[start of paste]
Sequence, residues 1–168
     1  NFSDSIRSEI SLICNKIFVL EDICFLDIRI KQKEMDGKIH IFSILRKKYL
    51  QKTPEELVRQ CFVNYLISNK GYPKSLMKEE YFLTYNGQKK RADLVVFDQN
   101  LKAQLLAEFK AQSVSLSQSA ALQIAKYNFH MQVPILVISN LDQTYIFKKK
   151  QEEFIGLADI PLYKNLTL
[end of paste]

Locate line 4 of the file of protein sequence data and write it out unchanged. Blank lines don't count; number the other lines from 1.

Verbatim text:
   101  LKAQLLAEFK AQSVSLSQSA ALQIAKYNFH MQVPILVISN LDQTYIFKKK